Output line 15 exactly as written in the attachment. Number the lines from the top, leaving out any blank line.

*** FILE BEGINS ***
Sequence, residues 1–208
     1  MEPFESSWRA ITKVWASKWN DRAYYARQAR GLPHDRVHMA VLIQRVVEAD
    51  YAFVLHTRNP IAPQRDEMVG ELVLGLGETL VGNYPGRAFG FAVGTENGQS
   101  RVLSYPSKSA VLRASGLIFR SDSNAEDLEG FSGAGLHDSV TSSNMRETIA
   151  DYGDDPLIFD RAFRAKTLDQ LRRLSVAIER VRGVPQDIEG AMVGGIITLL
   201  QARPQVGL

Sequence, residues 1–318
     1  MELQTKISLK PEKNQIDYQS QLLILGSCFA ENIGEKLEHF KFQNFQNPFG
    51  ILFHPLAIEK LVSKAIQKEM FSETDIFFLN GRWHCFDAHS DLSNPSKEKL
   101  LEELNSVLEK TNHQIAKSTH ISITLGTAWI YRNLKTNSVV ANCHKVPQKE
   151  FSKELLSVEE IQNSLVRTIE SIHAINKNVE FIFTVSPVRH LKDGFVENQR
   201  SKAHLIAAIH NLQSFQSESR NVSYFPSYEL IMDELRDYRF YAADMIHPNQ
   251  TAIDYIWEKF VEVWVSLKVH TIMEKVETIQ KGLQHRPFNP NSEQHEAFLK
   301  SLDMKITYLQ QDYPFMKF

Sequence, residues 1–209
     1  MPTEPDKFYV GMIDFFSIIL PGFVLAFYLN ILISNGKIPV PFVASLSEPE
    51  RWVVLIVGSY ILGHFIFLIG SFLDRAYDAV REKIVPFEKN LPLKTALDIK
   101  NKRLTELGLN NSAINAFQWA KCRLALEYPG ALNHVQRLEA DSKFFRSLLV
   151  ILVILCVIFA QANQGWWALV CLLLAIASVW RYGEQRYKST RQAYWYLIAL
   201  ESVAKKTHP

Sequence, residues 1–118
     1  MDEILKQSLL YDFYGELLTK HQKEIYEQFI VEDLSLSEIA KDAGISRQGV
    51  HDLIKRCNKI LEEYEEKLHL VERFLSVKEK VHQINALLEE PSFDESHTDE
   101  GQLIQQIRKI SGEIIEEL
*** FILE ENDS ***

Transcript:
Sequence, residues 1–209